As the chart indicates the average pace per mile has decreased from 11:02 during the first test to 10:18 on the second test, and now to 9:45, an overall drop of about 1 min, 17 seconds.  The slowest paced mile on each of the tests demonstrates a similar pattern with a change from 11:33 to 10:33 to 9:53, while the fastest mile changed from a 10:49 to 9:56 to 9:25.  The variation of pace between miles on each of the tests has also decreased.  During the first test back in January, there was a 48 second difference between the slowest and fastest miles.  During the second test that range dropped to 37 seconds.  On this third test, the range was now down to 28 seconds.  It was also nice to note that just as each of my miles on test #2 fell into the 10:00-11:00 minute category, all of my miles on the third test were now below 10 minutes.
In addition to analyzing the average pace, I also created a chart to show the average HR across each of the miles.  There is a slight increase from the previous tests, but on the whole, the HR stays within about 2 bpm at any given mile with no greater than a 3 bpm variation across the three averages:
The blue line represents the most recent test
In selecting a course to run on, I decided not to do my testing on a track this year in part because I wanted to see how changes in elevation would impact the results.  This is why you see an overall drop in the pace across the last few miles as there is more descent (a typical Maffetone test would be represented by a rising line as the pace slowed with decreased efficiency; you can see a good example of this from the tests I'd done on the track a little over a year ago).  The pattern basically held true again this time with a gradual increase in pace, before turning back down.  There was a notable change this time between miles three and four, but the overall pattern holds true.  The chart below shows pace, heart rate, and elevation with a snapshot a little over two miles into the test (note the test actually begins after 1 mile of warm-up):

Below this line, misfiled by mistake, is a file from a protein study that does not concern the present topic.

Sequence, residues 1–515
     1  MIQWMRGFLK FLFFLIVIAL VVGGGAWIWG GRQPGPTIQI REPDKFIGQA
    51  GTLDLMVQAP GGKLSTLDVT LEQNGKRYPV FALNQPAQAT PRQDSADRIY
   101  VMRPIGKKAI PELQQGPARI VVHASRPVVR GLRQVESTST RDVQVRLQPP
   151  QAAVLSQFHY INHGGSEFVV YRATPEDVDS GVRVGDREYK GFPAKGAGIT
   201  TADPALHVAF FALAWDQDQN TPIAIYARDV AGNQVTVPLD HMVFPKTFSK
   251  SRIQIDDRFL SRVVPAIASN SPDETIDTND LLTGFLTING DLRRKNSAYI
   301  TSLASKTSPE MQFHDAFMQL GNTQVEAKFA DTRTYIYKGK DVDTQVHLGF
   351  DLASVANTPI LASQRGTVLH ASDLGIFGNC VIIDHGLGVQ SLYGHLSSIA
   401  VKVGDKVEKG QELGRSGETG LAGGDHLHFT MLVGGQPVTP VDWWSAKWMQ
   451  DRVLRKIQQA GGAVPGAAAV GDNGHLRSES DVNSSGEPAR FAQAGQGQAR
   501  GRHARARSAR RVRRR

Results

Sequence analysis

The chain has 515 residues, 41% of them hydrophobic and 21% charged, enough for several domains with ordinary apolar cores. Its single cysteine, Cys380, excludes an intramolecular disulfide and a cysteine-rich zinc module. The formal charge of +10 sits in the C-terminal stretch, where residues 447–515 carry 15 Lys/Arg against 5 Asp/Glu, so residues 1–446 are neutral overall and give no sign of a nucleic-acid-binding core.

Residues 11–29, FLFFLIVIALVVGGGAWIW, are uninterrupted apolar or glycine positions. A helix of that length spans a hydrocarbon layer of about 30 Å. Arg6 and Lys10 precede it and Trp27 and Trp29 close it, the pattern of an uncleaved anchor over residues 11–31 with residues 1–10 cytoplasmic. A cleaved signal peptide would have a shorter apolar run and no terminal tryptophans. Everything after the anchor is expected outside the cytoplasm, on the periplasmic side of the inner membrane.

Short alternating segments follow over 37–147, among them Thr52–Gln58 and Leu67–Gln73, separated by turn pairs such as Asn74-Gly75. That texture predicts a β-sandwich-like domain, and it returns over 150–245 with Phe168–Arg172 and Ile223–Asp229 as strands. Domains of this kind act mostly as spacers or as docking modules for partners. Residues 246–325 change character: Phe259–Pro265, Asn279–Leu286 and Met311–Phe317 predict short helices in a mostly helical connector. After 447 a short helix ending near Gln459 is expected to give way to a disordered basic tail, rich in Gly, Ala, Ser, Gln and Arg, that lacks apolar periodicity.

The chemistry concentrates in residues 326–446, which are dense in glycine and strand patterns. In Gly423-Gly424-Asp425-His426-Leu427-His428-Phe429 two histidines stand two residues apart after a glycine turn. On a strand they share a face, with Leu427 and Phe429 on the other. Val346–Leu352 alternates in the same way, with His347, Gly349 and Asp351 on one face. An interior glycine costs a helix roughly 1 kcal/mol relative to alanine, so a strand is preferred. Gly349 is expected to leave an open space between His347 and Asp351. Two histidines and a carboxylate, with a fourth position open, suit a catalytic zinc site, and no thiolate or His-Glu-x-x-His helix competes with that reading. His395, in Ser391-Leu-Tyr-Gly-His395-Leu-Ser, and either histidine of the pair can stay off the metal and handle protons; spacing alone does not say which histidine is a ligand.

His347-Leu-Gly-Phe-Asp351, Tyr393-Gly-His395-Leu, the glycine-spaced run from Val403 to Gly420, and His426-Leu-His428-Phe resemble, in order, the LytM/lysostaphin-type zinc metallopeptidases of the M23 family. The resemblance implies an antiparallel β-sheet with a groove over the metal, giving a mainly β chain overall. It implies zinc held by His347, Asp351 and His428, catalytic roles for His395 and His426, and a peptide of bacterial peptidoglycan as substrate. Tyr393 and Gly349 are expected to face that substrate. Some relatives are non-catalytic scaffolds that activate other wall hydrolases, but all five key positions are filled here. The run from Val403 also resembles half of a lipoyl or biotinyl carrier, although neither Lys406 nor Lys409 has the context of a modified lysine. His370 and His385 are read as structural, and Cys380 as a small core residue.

The downhill portion of the run reveals a pace of about 9:00 per mile at that moment in time.
So, what's next?  I will continue to perform a Maffetone test on a monthly basis for the foreseeable future.  I think it makes for a nice measuring stick to see how my training is impacting my performance.  I'm eager to see how additional tests look and I'm curious about where I will "max out" in terms of performance at the aerobic threshold.  At some point that is bound to happen, and maybe after a couple of static results, I will "retire" the Maffetone tests for the season. While I'll continue to test, one thing that will be changing over the next two months is my approach to at least some of my training.  As I mentioned in my last post, I will begin introducing  workouts that exceed my aerobic threshold of 138 bpm.  While the majority of my training will still be at this level, I will also be including speed work into my training.  My next two events are sprint and olympic distance triathlons respectively, and I'd like to be sure that I have some experience with moving at a faster pace prior to these races.